In 2004 Blockbuster Video had 85,000 employees. In 2019 Netflix has about 5,500 employees.
A few years ago, Diane Mulcahy, a lecturer in the MBA program at Babson College created a course called “Entrepreneurship and the Gig Economy.” The idea was to teach MBA students how to get contract work, line-up side-hustles, negotiate fees and market themselves in a new kind of labor market, where the flexibility afforded to freelancers, part-timers, and independent contractors was suddenly being embraced by a new generation of workers and employers. Babson was early to spot the gig trend. At that time, Uber was a 4-year-old startup.
Last year the University of Michigan’s Ross School of Business added an undergraduate senior capstone class, “Thriving in the New World of Work,” to teach students how to navigate the workplace and their careers by using assessments to figure out their strengths, values, and passions in the new work environment, how to be resourceful, and how to navigate uncertainty. Job Searchers are placing increasing importance on finding a job that fits their lifestyle.
Now students can get advice on gig work at the schools’ career services centers. Traditionally, these centers were designed to prepare students to land jobs at big corporations; if you wanted to work at a nonprofit or smaller startup, you were mostly on your own. But now that gig work has reached other industries catalyzed by on-line technology, it’s far simpler for companies and contractors to find each other.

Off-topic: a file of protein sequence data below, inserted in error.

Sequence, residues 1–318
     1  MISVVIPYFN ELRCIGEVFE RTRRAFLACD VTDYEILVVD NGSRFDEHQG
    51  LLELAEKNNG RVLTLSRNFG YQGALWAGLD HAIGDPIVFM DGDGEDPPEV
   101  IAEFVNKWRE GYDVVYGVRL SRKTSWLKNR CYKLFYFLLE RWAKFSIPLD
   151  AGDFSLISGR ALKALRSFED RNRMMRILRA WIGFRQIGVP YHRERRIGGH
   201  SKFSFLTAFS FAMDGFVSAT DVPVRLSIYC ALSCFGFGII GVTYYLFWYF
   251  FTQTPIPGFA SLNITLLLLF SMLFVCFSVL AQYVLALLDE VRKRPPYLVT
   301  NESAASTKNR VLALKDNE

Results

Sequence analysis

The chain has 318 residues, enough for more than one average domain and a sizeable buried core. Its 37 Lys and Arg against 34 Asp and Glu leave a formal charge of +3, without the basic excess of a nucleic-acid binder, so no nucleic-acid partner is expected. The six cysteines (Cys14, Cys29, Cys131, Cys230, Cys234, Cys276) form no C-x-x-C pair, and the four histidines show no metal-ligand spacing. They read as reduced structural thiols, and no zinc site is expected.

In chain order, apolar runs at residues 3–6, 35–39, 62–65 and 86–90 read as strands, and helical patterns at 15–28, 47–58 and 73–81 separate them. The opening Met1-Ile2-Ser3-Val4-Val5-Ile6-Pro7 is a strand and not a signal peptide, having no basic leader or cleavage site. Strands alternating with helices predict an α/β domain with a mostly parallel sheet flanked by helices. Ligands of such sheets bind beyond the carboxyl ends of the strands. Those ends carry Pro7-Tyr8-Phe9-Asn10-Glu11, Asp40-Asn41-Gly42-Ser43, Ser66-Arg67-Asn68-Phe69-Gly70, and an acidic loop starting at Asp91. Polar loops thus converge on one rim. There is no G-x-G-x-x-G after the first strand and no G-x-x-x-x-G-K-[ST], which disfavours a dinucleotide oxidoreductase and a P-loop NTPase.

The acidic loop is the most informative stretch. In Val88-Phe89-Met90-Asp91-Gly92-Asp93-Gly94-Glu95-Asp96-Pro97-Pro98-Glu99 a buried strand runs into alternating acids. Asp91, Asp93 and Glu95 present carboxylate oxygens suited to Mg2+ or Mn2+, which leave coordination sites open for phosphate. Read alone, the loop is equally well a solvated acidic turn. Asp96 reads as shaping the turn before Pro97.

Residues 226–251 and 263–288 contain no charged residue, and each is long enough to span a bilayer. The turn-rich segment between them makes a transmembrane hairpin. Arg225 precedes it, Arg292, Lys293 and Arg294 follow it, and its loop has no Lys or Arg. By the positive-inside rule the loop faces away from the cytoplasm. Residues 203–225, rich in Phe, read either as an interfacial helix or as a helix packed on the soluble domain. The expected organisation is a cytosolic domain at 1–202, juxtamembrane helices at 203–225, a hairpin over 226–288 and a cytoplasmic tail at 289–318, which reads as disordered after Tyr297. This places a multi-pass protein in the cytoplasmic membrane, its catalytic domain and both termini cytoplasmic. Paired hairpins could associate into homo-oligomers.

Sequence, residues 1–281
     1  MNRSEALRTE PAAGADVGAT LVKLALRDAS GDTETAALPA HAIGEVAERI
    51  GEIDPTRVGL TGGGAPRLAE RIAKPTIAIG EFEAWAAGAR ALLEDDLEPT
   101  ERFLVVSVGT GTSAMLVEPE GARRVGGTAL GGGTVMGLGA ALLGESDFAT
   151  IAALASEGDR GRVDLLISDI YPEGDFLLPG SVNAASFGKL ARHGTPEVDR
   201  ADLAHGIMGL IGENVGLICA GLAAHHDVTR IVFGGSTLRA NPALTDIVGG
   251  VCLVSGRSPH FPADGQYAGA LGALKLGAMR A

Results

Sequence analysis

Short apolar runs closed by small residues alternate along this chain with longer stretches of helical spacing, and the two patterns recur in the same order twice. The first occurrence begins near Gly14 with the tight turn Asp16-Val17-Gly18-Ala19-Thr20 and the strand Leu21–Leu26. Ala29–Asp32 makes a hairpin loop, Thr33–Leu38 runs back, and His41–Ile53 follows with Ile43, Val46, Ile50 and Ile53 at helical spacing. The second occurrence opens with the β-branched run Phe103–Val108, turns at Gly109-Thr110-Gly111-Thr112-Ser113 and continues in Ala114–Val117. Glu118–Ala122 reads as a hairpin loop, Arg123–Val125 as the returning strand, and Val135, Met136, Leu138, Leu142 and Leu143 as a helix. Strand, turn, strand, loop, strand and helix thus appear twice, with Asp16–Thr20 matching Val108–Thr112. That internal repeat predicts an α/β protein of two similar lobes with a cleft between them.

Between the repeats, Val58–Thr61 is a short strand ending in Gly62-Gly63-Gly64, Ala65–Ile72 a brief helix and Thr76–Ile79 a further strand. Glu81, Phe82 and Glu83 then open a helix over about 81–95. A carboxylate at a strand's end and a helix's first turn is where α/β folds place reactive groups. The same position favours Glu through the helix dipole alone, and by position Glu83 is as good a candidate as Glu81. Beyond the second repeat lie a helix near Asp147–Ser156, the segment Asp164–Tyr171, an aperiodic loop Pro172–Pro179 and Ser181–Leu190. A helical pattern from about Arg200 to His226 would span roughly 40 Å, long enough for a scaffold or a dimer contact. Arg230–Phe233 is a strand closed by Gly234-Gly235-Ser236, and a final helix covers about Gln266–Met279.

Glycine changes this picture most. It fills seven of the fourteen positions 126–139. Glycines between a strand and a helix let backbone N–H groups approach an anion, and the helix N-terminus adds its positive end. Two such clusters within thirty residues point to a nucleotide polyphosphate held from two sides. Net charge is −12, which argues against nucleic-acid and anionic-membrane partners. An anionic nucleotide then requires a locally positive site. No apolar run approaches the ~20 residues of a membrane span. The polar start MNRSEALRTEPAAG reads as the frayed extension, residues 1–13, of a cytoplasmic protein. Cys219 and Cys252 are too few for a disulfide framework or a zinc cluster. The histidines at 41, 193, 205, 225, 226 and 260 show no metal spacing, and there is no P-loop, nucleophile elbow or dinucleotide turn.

Actually working as a “Gig Employee” has more income security than most traditional jobs considering you work for multiple customers with multiple streams of income instead of one employer tied to one income.
Increasingly, the gig economy operates on technology platforms that aim to connect workers looking for flexible work arrangements with the companies who need them in a centralized location, such as an app or website. Some platforms are focused on certain niches, such as hospitality and warehouse workers, dog-walking services, or other specific services, while others are broader, connecting gig workers with companies and clients for tasks Ranging from housekeeping services to writing. In an independent contracting arrangement, workers are responsible for saving and paying their own taxes and aren’t eligible for the typical benefits of full-time employment such as access to group health insurance or retirement investments and savings accounts. But thanks to the rise of the independent workforce, benefits such as health insurance coverage, independent retirement accounts (IRAs), and liability and accident insurance are more accessible than ever before. Plus, workers operating as independent contractors get to take advantage of the tax benefits of operating their own business, including tax deductions for non-reimbursed operating expenses such as travel, supplies etc.